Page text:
Tales of Old Lusitania/Maria Silva
A young prince one day went out hunting, and as he entered the forest he heard what seemed the piteous cry of a little child. As he approached the spot whence the cry seemed to proceed he heard a voice saying—
Ay, seek her, prince, for, come what may,
She that weeps you'll wed one day.
The prince laughed at this, and said, "Very well, we shall see if those words come true." He continued, however, to search for the child, and at last came to a grass plot, where he saw a little girl amusing herself by playing and rolling about on the soft grass. He raised her up from the ground, and that he might know her again he cruelly marked her with a heated iron, cut off one of her little fingers, and then laid her down in a bush and left her to her fate. This poor child had been deserted by her unnatural mother, and left there with no one to care for her.
A shepherd belonging to that part of the country was in the habit of taking his flock to pasture near the thicket where the poor child had been laid by the prince. One day, when calling his flock together at sunset to go home, he found that his best and finest goat was missing; it was only after much seeking and calling that she returned to him. Next day the goat did the same thing, and day after day she would absent herself until called for. The shepherd, who could not imagine the reason of the goat's strange behaviour, and was afraid of losing her altogether, said to his wife one day, when he came home more concerned and puzzled than usual, "Do you know, wife, that I am afraid we shall lose our best goat one of these fine days; however sharply I may look after her, she manages to slip away from the flock every day, and only returns when I call out for her. What do you think I had better do?" The wife replied that she would go next day and watch the goat, while he minded the rest of the flock. She did so, and great was her surprise and interest to find the goat lying on the ground suckling a beautiful little child. The good woman and the shepherd, who had no children, were delighted at the discovery; they took the little girl home, and reared and brought her up as their own.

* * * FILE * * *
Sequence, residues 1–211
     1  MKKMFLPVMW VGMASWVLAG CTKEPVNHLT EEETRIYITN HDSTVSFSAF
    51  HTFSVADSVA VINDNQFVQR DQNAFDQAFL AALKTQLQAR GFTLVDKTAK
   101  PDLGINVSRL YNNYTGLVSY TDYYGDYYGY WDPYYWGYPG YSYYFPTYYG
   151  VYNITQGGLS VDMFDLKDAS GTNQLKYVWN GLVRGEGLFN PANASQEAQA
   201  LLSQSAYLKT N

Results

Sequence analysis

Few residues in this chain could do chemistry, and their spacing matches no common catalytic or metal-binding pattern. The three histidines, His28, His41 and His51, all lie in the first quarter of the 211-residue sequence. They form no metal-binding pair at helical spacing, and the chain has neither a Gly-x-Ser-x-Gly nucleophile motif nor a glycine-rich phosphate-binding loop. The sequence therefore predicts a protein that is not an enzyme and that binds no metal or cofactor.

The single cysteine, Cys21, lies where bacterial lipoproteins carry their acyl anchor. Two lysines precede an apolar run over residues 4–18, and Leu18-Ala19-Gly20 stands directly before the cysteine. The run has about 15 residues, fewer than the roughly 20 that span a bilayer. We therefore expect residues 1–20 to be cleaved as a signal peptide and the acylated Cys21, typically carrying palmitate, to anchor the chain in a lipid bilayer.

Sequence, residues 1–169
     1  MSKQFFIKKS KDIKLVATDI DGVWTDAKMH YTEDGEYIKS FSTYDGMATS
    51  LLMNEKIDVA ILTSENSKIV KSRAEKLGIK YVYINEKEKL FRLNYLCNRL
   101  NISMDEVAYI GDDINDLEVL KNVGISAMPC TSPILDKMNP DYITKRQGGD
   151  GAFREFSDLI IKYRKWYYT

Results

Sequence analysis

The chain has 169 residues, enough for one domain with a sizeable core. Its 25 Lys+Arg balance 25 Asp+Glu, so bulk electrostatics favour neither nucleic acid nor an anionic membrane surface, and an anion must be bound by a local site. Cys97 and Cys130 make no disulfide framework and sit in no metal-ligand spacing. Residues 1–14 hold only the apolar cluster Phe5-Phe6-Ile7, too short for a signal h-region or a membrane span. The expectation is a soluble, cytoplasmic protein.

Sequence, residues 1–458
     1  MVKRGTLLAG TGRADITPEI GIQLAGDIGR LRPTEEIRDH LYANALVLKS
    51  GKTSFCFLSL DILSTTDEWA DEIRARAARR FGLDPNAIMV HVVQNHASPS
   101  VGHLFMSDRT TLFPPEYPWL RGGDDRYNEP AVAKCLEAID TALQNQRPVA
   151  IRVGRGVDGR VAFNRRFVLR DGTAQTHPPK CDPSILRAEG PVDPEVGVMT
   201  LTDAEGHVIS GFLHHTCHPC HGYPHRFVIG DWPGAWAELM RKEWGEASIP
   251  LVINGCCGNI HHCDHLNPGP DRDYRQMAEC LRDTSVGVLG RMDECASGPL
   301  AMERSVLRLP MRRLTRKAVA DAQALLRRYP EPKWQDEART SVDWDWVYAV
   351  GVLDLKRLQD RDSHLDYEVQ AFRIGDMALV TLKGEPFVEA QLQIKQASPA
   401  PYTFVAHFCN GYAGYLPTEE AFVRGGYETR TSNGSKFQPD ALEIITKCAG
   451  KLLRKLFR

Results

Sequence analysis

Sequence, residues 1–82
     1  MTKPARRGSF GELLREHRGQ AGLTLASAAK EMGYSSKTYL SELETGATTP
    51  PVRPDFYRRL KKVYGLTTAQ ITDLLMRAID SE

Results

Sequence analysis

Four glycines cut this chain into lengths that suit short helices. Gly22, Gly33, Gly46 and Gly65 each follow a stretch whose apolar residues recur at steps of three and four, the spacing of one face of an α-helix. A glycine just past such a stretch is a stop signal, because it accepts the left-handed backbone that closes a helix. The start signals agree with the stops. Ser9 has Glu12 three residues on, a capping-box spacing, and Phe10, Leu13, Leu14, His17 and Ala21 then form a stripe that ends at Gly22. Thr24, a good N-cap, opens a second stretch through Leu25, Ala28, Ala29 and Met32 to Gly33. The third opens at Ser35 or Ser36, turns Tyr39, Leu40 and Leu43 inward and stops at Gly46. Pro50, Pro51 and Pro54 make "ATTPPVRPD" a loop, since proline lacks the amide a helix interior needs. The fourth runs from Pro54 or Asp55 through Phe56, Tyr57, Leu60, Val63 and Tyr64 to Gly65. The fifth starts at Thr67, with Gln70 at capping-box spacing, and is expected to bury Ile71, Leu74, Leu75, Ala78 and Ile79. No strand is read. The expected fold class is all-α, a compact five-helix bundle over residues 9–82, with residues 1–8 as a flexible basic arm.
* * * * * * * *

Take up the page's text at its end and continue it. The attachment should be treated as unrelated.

Maria Silva (Woodland Mary) grew up to be a most beautiful maiden; and when the shepherd and his wife died, she entered the service of a princess who was about to marry the very prince who had found her in the forest. Now the prince, who paid the princess many visits before their marriage, happened on one of these occasions to meet Maria Silva as he entered the palace; and instantly, as by some spell of fascination, he was struck with love for her. But he noticed the mark of a brand on her forehead, and that one of her little fingers was wanting; and this brought back to his mind the cruel thing he had done to a little child in the forest, when a voice had prophesied to him that some day that very child would be his wife. Determined to defy and defeat this prediction, he stifled the passion he felt for her, and to get her out of his way altogether, he began even to plot against the life of the innocent girl. He bought three splendid gold rings, and gave one to each of the princess's handmaids, but explained to them that they would have to produce the rings in three days' time, when he would demand to see them; and he warned them that if any one of them failed to produce her ring she would forfeit her life. After this he secretly offered Maria's fellow-servants a handsome reward if they could by any means bring about the loss of Maria Silva's ring. The two servants carried out the prince's design and managed to make Maria drop her ring into the sea. But great was their astonishment to find that the loss of the ring, which was to be the cause of her death, did not seem to trouble her in the least. Next day, when the fish that had been caught for the royal dinner were brought into the palace, she asked if she might help to clean them for cooking. The cook, who was glad of some help, readily agreed; and Maria, while preparing a large chad which had come in with the rest of the fish, found her lost ring in the fish's belly.
The day arrived when the three servants were to produce their rings; and Maria Silva, with a happy face and beaming with joy, presented hers to the prince, which so astonished both the wicked prince and the two servants that they all nearly fainted away.
When the prince had sufficiently recovered from his surprise, he asked Maria how she had got her ring back which had fallen into the sea; but her only answer was—
Left alone in the wood,
By a prince I was found;
A kind goat gave me food,
And the goatherd was good,
And here I am safe and sound.
The prince found that instead of shaking off the spell under which he was laid he was more than ever in love with Maria Silva, and resolved no longer to resist his fate. Filled with remorse, he made a full confession to Maria of all he had done to her, asked to be forgiven, and said he would give up the princess and make her his wife instead, promising to atone for his crimes towards her by making her happy ever after.